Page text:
Why and how do we Create a Strong Organisational Culture Now?
Culture prior to the pandemic
Before the COVID-19 pandemic, leaders could describe how they intended the culture to be, but they lacked confidence in their ability to foster a setting that mirrored that state. Back then, 70% of HR leaders were certain that they understood the culture that their company needs to promote organisational performance. However, just 30% of respondents said they felt their workplace reflected their ideal values. What does this tell us? Before the pandemic, there were already issues with organisational culture.
Culture succeeding the “new normal”
Most employees view the widespread transition to flexible work as an overall improvement for their organisation’s culture, despite concerns that remote and hybrid work would weaken organisational culture. 76% of recently hybrid employees say they have a favourable impression of the “workplace.” Likewise, 64% of hybrid employees and 66% of remote workers think that their organisation’s culture favours their jobs, compared to only 52% of on-site employees. Even so, doing this requires effort. The organisational culture must be robust enough to draw in and keep top employees, foster consistent performance, and achieve business goals. It’s crucial that we comprehend how the new environments—virtual and at our homes—where we spend more time- affect how we act.
The remote work environment significantly impacts the “connectedness” factor. Only one out of every four workers feels a connection to the culture of their company. According to a Gartner study, only 18% of employees feel they work in a “fair” workplace. For organisations seeking to attract and keep talent, this kind of warning sign portends impending peril, reminding us of the necessity of instilling justice into our behaviour. Author Neil Woolrich suggests the following to help create a strong organisational culture right now:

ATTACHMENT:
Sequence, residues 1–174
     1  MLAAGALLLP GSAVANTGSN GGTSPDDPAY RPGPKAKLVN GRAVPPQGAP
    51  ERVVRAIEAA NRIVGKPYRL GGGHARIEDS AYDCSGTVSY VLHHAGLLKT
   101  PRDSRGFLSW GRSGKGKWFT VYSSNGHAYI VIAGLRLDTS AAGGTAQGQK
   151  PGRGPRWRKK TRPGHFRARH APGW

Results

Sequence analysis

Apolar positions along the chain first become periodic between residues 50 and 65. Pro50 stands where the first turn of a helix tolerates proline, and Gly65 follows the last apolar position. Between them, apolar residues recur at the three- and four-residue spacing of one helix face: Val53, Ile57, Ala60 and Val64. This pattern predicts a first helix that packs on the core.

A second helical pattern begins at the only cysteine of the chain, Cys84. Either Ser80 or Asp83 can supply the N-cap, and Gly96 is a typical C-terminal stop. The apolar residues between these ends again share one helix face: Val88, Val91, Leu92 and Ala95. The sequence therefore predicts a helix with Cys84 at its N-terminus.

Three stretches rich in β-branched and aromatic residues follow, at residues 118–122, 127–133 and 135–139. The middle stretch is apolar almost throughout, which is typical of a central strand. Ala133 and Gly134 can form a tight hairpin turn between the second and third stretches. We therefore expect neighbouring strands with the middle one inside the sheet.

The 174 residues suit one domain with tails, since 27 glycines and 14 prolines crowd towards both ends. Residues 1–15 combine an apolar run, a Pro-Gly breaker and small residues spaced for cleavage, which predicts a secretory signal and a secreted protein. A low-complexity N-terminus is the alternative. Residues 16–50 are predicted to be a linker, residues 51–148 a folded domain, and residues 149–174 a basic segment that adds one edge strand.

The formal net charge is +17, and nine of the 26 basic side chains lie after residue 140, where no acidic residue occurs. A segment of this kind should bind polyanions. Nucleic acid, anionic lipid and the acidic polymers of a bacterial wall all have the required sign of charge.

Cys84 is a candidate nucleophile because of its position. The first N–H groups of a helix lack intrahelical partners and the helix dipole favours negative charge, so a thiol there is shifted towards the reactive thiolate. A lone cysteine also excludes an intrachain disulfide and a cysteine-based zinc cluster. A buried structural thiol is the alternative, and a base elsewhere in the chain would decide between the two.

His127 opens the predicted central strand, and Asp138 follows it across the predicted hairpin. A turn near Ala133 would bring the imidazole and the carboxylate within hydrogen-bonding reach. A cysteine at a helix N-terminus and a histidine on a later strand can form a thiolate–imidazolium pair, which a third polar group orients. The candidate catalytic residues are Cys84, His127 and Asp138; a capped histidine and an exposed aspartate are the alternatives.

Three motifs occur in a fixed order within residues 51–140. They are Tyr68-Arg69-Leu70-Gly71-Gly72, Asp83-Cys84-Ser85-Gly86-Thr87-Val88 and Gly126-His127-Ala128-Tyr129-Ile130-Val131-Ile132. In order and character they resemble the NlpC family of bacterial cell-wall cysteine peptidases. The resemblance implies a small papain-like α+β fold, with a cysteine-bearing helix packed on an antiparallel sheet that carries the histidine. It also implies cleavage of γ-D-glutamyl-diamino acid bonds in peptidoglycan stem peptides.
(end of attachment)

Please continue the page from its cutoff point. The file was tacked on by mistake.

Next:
- Analyse your business strategy and decide which two or three elements are necessary for success.
- Make sure all employees, feel a connection to the culture; Co-located or remote. The key is to operationalise it. Some business executives might think that the actual office is what will ultimately make people more connected. However, culture is driven by our behaviour, not the environment.
- We must consciously activate culture. People cannot simply be ordered to behave in a certain manner. For instance, it is ineffective to solely use material objects, such as writing your principles on a wall. We must go on to discuss the “how” of incorporating culture into daily work activities.
The organisations that manage this well will be aware of the new cultural factors at play. Moreover, they will know how they are operationalised in our new working environments. Culture-driven transformation efforts show to have a greater and lasting impact. You need to develop a supportive and sustained culture of performance to attain true success. Analysing the existing culture is a great place to start.